The Shandwick Stone
Romancing the Stone (Extract from the Ross-shire Journal 2003)
Pictured at the Shandwick Stone are right, Roderick Mackenzie and Jean Mackenzie, trustees of the Shandwick Stone Trust, local councillor Richard Durham, Will Aitken, Seaboard Development Group’s Projects Co-ordinator along with representatives of ILM Highland. ILM Highland trainees undertook the work of constructing a new path from the roadway to the stone.
A project carried out in memory of a stalwart of the Seaboard was formally completed last week.
A beautiful granite sett pathway, leading to the ancient Shandwick Pictish Stone on the Seaboard Peninsula, was opened by members of the Shandwick Stone Trust last Wednesday. The informal ceremony at the stunning, eight foot high stone, also marked the “passing out” of four young trainees from the from the Alness – based training agency ILM Highland which carried out the work on behalf of the Seaboard Initiative group.
The project was initiated by the Seaboard Initiative group in memory of the late Ian Macpherson of Hilton who was a stalwart member of the Shandwick Stone Trust.
Ian, a former council housing officer who died suddenly in his mid 50s in September, had been a member of both the Shandwick Stone Trust and the Hilton trust and did sterling work for both organisations.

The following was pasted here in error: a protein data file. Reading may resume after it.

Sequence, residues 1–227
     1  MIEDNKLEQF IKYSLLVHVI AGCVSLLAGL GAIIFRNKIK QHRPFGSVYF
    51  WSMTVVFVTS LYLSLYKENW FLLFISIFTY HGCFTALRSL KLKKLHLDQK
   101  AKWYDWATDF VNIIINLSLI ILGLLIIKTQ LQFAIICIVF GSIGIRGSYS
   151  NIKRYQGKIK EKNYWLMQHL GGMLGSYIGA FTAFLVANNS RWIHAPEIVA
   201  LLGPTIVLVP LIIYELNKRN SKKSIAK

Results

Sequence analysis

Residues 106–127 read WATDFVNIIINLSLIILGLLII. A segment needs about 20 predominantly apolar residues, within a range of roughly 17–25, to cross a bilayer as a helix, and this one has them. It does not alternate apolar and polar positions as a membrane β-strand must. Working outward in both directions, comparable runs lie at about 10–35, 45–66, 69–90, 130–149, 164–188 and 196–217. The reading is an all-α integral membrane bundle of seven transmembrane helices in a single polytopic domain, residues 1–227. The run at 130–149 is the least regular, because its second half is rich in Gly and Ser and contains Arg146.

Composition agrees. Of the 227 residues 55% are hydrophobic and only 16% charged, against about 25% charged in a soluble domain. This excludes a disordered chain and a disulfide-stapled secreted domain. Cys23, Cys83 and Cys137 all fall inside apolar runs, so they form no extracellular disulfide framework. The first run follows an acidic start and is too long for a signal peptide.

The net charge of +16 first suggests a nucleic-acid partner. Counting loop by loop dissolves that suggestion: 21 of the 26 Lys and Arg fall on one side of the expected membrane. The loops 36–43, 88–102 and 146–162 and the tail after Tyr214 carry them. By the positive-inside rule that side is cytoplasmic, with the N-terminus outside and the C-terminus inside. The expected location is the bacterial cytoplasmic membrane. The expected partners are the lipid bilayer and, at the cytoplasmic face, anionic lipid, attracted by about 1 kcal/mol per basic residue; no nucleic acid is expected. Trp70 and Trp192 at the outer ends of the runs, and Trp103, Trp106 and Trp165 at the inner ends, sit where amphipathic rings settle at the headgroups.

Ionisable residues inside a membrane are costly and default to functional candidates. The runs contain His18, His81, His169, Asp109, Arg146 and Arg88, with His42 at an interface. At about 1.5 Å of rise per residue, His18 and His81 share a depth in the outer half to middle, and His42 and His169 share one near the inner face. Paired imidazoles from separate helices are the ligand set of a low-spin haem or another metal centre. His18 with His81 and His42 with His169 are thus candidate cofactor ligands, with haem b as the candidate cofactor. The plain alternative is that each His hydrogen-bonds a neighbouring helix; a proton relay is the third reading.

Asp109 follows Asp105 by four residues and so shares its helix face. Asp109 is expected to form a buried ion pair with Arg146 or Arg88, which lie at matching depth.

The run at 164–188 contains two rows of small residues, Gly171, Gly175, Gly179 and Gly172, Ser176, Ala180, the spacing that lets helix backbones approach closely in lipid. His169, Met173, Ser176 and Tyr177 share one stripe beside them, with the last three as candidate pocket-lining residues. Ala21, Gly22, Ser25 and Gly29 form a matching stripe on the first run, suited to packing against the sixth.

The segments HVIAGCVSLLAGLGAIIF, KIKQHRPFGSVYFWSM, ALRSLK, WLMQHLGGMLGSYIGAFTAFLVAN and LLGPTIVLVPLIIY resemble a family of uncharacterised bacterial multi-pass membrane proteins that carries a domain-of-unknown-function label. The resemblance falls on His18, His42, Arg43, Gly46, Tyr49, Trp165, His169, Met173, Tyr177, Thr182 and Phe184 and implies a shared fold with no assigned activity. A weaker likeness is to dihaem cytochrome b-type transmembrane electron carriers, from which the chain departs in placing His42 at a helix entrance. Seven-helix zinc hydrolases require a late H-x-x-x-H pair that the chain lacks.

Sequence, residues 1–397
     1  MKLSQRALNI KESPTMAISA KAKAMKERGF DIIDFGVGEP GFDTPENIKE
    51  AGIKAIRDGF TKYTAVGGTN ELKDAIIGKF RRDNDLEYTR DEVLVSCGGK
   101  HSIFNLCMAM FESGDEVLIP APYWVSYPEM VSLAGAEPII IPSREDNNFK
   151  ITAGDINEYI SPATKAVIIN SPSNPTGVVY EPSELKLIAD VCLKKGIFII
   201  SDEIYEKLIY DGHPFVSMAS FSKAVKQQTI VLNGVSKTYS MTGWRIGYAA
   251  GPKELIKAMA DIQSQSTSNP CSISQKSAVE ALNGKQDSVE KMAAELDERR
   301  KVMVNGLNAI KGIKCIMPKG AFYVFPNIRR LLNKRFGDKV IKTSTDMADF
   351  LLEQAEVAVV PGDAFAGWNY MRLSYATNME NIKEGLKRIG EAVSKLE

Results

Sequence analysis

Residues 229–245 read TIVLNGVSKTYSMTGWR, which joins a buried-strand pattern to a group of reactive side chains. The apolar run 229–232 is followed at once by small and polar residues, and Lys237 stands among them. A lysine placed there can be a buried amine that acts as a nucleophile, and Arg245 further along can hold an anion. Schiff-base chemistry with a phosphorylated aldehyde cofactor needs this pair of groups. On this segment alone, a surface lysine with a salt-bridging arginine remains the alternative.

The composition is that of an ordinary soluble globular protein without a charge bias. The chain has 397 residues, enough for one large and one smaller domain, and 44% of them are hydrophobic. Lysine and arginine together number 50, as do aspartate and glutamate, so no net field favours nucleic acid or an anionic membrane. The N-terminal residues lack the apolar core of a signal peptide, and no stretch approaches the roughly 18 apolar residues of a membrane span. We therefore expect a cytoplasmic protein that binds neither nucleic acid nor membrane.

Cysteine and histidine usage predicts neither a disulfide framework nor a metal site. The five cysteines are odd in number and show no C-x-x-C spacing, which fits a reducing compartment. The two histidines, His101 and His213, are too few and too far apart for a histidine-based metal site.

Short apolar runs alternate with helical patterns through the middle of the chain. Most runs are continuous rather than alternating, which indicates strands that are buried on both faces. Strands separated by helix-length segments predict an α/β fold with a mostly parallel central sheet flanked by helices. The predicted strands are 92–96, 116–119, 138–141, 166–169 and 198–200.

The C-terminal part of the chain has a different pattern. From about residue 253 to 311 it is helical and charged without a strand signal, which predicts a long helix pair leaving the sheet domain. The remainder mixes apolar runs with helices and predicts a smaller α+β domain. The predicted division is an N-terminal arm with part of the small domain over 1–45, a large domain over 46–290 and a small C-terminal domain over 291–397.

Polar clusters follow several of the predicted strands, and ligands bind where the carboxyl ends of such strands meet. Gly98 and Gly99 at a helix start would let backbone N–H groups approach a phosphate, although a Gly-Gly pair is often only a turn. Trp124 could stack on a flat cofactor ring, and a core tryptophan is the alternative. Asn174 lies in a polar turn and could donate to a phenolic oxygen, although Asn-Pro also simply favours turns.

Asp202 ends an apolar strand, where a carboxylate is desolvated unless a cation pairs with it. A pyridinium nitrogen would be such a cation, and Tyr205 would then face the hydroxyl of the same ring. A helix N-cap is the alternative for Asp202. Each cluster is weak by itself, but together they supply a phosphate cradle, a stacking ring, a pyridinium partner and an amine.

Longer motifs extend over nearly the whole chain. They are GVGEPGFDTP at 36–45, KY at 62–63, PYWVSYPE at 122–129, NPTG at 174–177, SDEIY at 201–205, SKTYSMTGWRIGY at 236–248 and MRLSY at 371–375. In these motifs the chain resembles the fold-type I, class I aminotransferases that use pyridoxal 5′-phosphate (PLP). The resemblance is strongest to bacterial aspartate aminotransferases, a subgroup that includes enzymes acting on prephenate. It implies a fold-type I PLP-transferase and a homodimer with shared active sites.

The four lads from ILM took great pride in crafting the new path up to the Class II Pictish symbol stone and also installed a new kissing gate, replacing a tumble down stile.
Richard Durham, the Highland Councillor for Seaboard, said, “The path greatly enhances the approach to the Shandwick Stone and makes the stone completely accessible by everyone, including wheelchair users.
“It marks the completion of another successful project by the Seaboard Initiative.”
Support for the project also came from the Community Economic Development Programme and Ross and Cromarty Enterprise.
The Shandwick Stone is one of three impressive Pictish cross slabs located in Easter Ross, the others being the Nigg Old Church, and the Hilton of Cadboll Stone, part of which is in the museum of Scotland in Edinburgh with another recently-discovered part remaining in the local community. Legend has it that stones were erected in memory of three Nordic princes who perished in the Moray Firth. The legend relates that a Nordic princess had been married off to one of the earls of Ross who badly mistreated the young woman. The Nordic King sent his three sons to wreak his revenge on the Earl of Ross for his mistreatment of his beloved daughter. However a wild storm blew up in the Moray Firth as they approached and the boat carrying the king’s three sons was ship wrecked. According to legend, the three Pictish stones stood in witness to the places where the bodies of the Princes were washed up on the shore along the Seaboard.